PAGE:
Socializing

When greeting, Georgians shake hands and say Gamarjoba (“Hello”; literally, “Let you win”). Responses differ: For official greetings the same word is returned; in informal circumstances people respond with Gagimarjos (“Let you win”). Rogor khar? (“How are you?”) is an informal way to begin a conversation. Rogor brdzandebit? is more formal. Kargad ikavit means “Be well.” Mshvidobit (“Peace be with you”) is used for a more meaningful parting, usually when people do not expect to see each other for a long time.

Shaking hands is common even at casual meetings; embracing in a friendly manner, or kissing on the cheek, is also common, especially among young people and women. Small children might receive hugs and kisses. Adults are addressed by professional title and last name, or by first name following Batono (“Sir”) or Kalbatono (“Madam”). Using Batono or Kalbatono with just the last name is very formal, so first and last names are used in correspondence or in the media.

Georgians are generally welcoming to all guests, even unexpected ones. A popular Georgian saying is “Any guest is God’s messenger.” But once-frequent visits to friends and relatives have declined, partly because of social unrest, and partly for economic reasons; people feel they are not able to provide as adequately for guests as in the past. Still, even if invitations for a meal have become less common, most guests can expect to be offered a cup of coffee or cookies.

Recreation

Favorite sports include soccer, basketball, and skiing, and people also follow competitions in figure skating and hockey. Those with cars enjoy weekend outings. Urban residents with summer cottages spend as much time as possible there, gardening, tending to greenhouses, or just generally enjoying the outdoors.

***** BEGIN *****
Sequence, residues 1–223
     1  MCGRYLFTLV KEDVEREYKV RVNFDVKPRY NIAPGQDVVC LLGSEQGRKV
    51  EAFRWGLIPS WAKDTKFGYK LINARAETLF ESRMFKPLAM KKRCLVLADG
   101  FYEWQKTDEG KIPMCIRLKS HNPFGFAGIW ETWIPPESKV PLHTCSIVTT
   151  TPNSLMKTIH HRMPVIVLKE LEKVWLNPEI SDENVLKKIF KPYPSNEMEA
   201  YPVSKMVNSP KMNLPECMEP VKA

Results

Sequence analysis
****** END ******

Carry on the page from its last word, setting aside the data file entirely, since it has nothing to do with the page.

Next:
Holidays and Celebrations

Georgians celebrate the New Year on 1 January. On New Year’s Eve, it is customary to eat a special meal and to drink champagne. These celebrations occur mostly within the family, but some people throw larger parties.

The Orthodox Christmas is on 7 January. Because this is observed primarily as a religious holiday, gifts are not commonly exchanged for Christmas. The Epiphany, which commemorates the visit of the Three Magi (or Wise Men) who brought gifts of gold, frankincense, and myrrh to the baby Jesus, is observed on 19 January.

Saint George’s Day on 23 November is the national day of the Republic of Georgia. According to legend, Saint George conquered a vicious dragon that was attacking a town in 12th-century Cappadocia, and rescued a princess. It is said that when he and the princess brought the dragon back into town, many townspeople were instantly converted to Christianity. A festival in honor of Saint George is held at the cathedral of Mtskheta, the religious heart and former capital of the country.

Independence Day is celebrated on 26 May, and Our Lady’s Day on 28 August.

Source: Encarta Interactive World Atlas